Letter to the Editor: Get out of the way
Published: 2/17/2013 2:10 AM
Last Modified: 2/17/2013 7:57 AM
When asked about whether Senate Bill 6 has a chance to be heard in his committee, Sen. Brian Crain, R-Tulsa, said, "...rather than doing this a little bit at a time.... let's just do this all at once... whether or not we are going to ban tobacco smoking in Oklahoma." He said he preferred to use tobacco settlement money to continue to educate the people on dangers of smoking and second-hand smoke.
We all see how well that has worked. We have been fighting tradition with education and those of us on the sidelines, sitting in second-hand smoke, are still waiting for that education to kick in.
It seems as though legislators have been dancing around this issue for years. So while we are waiting for them to "do it all at once," why not let the bill be heard and get out of the way of small governments (cities and towns) that want to actually do something to protect the health of their citizens and keep their public places free of cigarette butt litter?
Editor's note: Aycock is a member of Musicians and Music Lovers for Smoke Free Listening,
Big Tobacco wins again in Oklahoma
Published: 2/20/2013 1:54 AM
Last Modified: 2/20/2013 7:31 AM
A state Senate panel, to no one's surprise, has killed a bill that would have given cities and towns in Oklahoma the right to pass tobacco-control measures that are more stringent than state laws.
We say it's no surprise because the pro-tobacco forces in the state, notably tobacco lobbyists and PACs, have gotten their way in the Legislature for decades, and there was no reason to believe that would change this session, given the amount of money they've been sprinkling around the Capitol over the past year.
What was a little surprising was the ludicrous rationale put forth by those who are cozy with the tobacco industry.
"This is not about local control," said Sen. Rob Johnson, R-Yukon. "It is about infringing on business people's rights."
It was and is about local control, pure and simple. If local city councils felt adopting stronger regulations would be bad for business, then they certainly wouldn't be forced to take such action. The measure would simply have given them that option - but six lawmakers decided local leaders shouldn't have that option.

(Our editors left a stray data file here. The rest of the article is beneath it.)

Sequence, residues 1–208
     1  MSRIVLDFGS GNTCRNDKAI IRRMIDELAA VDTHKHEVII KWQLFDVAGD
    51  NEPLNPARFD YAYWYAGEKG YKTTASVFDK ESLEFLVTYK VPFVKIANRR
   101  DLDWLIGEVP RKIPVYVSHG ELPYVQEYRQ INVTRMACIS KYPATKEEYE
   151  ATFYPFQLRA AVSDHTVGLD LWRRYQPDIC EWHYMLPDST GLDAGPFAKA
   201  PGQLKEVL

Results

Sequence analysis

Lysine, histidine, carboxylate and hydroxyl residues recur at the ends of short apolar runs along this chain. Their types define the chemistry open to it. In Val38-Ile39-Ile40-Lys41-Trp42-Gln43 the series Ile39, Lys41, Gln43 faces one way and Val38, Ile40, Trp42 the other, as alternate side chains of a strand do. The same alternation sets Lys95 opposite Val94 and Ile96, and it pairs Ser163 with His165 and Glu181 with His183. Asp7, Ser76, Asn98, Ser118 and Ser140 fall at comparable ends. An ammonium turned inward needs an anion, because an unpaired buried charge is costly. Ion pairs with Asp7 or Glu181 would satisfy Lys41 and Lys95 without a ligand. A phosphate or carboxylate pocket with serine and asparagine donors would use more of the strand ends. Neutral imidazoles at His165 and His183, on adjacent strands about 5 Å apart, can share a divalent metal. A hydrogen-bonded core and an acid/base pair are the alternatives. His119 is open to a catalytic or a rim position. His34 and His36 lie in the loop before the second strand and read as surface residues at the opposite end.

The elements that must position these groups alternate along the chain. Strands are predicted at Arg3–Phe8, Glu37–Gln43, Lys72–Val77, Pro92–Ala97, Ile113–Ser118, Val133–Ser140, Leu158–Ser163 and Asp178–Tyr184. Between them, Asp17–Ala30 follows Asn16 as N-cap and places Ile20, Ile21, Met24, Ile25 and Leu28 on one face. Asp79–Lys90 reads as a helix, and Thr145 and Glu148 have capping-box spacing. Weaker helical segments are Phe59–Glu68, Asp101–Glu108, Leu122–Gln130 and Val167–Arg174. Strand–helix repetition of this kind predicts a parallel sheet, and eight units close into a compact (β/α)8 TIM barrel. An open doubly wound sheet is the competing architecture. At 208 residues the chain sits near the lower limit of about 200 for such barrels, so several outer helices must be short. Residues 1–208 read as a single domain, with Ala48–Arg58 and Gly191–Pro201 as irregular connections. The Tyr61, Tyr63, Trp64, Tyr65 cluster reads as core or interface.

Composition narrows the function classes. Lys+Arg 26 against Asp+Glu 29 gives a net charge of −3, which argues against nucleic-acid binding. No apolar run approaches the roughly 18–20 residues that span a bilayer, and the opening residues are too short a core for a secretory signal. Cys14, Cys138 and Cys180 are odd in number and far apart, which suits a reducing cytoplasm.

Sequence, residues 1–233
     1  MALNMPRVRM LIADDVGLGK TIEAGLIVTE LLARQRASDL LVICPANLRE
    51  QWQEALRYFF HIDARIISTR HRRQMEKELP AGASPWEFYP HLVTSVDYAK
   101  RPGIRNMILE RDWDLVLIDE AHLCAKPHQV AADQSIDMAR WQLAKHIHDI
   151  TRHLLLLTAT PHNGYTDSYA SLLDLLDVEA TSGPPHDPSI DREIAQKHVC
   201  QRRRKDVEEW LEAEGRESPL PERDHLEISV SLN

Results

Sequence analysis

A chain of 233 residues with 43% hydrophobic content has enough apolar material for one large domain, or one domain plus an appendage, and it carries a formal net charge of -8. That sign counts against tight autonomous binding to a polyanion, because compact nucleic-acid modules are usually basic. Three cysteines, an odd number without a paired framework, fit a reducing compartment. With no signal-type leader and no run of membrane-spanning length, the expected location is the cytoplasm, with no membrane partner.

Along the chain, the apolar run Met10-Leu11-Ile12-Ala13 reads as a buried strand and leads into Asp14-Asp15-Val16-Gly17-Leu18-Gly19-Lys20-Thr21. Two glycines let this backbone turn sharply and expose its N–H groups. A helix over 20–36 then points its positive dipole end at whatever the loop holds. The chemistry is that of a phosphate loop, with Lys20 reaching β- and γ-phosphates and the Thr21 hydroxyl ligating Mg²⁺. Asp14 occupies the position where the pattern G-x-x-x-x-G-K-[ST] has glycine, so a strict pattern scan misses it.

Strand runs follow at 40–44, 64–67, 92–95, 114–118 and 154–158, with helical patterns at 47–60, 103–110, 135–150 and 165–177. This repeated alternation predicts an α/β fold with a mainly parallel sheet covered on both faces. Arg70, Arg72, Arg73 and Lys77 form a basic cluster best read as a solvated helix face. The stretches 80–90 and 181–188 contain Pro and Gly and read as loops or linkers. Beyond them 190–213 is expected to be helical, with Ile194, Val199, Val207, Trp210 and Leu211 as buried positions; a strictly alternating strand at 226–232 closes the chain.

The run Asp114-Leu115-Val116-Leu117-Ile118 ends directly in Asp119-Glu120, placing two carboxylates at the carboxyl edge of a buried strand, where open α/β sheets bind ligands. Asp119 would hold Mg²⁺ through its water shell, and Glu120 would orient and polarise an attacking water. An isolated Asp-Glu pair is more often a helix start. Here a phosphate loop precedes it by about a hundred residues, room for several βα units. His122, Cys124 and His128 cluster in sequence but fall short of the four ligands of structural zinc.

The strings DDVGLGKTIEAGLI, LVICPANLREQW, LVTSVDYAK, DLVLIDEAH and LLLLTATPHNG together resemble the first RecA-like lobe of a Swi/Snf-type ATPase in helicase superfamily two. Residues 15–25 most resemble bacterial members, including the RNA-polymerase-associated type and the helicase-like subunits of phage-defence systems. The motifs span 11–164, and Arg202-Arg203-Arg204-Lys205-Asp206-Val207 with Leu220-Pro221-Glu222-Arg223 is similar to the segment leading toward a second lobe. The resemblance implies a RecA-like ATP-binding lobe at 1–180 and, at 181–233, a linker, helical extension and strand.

If any of them had bothered to consider the mountain of research on second-hand smoke and the economic benefits of stricter regulations, they might have had a different view about local control. But of course, they aren't interested in what the research and polls show.
Here's what they might have found persuasive, if they were open to such material, from research and polling results provided by Smoke Free Oklahoma:
- 68 percent of voters believe the rights of customers and
employees to breathe clean air is more important than the rights of
smokers to smoke and owners to allow smoking.
- 59 percent of Oklahomans support a smoke-free environment for Oklahoma workers and families.
- 18 percent of those surveyed say they would go out more often if restaurants and bars were smoke-free.
- A poll of restaurateurs done last year found four times as many
of the respondents believed they would gain business as believed they
would lose business if their city went completely smoke-free.
- 68 percent of restaurant owners supported allowing Oklahoma
cities to go entirely smoke-free once they learned how it enhances
- Only 1 percent of those surveyed said restrictive smoking laws were their top concern.
Oklahoma Gov. Fallin to lead smoking crackdown petition